Art And Culture

Graffiti Culture Comes to Conformist Japan

Graffiti Culture Comes to Conformist JapanGraffiti Culture Comes to Conformist Japan

Beneath the crackle and hum of Japan’s neon veneer, graffiti culture has traditionally been viewed as mindless vandalism assaulting the country’s highly valued sense of order and cleanliness.

Tokyo’s lanes are virtually bare of the edgy street art -- common in other major cities -- that has brought global fame to guerrilla icons such as Banksy, JR and the late Keith Haring.

But local enthusiasts are trying to work their way into the hearts and minds of the public in art-loving Japan, despite a prevailing conformist culture.

“Japanese street art is still a little behind Asia, Europe or America,” street artist Kohei Yamao, better known as Bakibaki, told AFP.

“It’s not that artists here don’t have the same kind of talent, it’s just that the environment doesn’t exist (for it to flourish). Historically Japanese people don’t have a culture of drawing on city walls. The concept of the public space is different than in other countries,” he added.

Opulent galleries with a heavy emphasis on the traditional -- Tokyo museums this year have exhibited Botticelli, Caravaggio and Vermeer -- are visited in cathedral-like reverence, their works discussed in hushed tones and prized above the anarchic designs and images of the street.

Beyond cultural attitudes, legal sanctions are also a factor -- with graffiti artists facing up to five years in prison if caught defacing public property.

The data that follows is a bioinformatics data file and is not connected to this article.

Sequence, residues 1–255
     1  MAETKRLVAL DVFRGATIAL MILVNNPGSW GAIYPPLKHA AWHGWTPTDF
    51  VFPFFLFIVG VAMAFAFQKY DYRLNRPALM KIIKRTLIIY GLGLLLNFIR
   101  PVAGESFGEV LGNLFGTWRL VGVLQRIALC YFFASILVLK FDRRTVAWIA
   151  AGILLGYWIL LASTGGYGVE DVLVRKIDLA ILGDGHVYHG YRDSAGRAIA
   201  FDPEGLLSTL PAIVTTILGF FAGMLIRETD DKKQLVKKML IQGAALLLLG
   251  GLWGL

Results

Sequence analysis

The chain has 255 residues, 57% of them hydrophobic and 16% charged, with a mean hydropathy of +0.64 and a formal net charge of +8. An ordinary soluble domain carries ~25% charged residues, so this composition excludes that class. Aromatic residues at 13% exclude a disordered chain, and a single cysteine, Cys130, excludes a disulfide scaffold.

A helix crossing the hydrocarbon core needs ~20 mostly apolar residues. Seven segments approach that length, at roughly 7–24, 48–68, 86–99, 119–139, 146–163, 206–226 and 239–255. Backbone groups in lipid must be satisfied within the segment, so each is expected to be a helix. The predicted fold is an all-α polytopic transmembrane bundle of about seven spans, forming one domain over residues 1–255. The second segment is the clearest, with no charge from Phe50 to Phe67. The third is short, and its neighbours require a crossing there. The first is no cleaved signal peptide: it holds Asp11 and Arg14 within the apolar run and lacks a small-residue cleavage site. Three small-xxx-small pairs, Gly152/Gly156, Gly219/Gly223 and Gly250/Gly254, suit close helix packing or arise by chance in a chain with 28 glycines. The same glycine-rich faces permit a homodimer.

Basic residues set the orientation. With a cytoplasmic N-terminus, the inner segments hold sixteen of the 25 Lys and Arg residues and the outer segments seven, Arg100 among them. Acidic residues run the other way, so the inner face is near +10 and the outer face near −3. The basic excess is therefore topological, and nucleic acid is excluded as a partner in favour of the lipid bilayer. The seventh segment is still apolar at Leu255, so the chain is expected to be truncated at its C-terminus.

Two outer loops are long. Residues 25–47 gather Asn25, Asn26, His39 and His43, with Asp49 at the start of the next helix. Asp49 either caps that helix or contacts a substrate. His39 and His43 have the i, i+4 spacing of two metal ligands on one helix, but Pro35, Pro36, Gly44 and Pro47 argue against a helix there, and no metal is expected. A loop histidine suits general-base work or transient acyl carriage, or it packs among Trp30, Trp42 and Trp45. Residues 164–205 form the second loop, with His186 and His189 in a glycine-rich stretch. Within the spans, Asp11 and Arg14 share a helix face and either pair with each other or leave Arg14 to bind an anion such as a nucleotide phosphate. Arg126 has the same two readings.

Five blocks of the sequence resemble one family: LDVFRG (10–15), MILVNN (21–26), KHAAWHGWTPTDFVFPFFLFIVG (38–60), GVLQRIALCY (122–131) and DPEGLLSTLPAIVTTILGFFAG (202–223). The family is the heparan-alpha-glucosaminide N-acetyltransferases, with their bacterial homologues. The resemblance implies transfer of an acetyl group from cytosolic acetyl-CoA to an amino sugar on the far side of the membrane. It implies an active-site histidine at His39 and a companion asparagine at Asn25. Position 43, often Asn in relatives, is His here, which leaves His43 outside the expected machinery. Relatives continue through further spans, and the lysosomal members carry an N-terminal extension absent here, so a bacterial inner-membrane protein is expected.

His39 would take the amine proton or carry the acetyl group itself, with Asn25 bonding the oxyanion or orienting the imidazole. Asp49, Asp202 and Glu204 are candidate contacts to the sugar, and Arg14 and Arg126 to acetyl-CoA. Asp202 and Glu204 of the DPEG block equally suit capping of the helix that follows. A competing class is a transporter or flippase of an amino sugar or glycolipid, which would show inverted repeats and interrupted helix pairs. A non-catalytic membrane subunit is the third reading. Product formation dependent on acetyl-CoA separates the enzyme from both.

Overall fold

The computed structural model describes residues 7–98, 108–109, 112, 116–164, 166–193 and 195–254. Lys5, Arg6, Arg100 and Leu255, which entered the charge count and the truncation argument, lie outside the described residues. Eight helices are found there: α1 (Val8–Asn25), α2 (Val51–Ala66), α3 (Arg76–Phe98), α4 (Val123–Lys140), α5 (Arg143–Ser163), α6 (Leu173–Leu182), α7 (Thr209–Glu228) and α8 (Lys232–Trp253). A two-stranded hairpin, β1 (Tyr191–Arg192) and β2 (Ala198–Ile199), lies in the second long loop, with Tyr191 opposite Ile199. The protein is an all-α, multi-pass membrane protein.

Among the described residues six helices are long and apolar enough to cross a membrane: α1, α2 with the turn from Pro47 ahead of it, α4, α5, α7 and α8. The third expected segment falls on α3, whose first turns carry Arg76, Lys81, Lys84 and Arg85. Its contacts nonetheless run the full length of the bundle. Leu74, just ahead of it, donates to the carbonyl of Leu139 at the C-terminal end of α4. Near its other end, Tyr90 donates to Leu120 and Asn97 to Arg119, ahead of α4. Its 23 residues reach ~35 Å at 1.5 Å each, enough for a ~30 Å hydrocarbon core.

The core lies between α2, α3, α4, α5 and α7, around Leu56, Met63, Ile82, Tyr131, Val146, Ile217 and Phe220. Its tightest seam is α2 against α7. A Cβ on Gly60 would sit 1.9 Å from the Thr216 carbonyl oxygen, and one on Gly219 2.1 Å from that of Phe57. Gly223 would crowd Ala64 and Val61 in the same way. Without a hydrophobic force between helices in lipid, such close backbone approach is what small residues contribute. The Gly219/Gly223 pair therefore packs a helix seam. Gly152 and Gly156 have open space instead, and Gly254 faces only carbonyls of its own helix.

Still, some Japanese artists have found ways to skirt constraints, such as with “live painting” -- where works are created before an audience usually accompanied by music, in clubs or on the street.

 Slow Evolution

“My style has developed from mechanical designs to a more organic flavor,” said the Osaka-born Bakibaki. “What they actually represent is open to interpretation.”

Last year, Tokyo hosted the first Pow! Wow! Japan festival, a weeklong extravaganza celebrating live painting across several city districts including youth and fashion havens Shibuya and Harajuku, where street art has gained some acceptance.

“People are able to view the process and learn at the same time and see how each artist works during the event,” said Emily Okamoto, its director.

Blending foreign influences with Japanese, such as interweaving calligraphy with graffiti tagging styles, the festival brought together local and international artists in an exchange resulting in creations such as a massive drawing of a sumo wrestler on a 12-storey building by German artist Andreas von Chrzanowski, in Tokyo’s Tennozu Isle.

“We have a culture here, in which something that disturbs the view or something too self-assertive for the scene is considered unpleasant,” said Bakibaki.

In 2014, international advertising and public relations company Ogilvy & Mather invited Remo Camerota, author of “Graffiti Japan”, to create an art installation inside its Tokyo office.

The result was a floor to ceiling mural on which 12 songs can be played by touching different points on the work.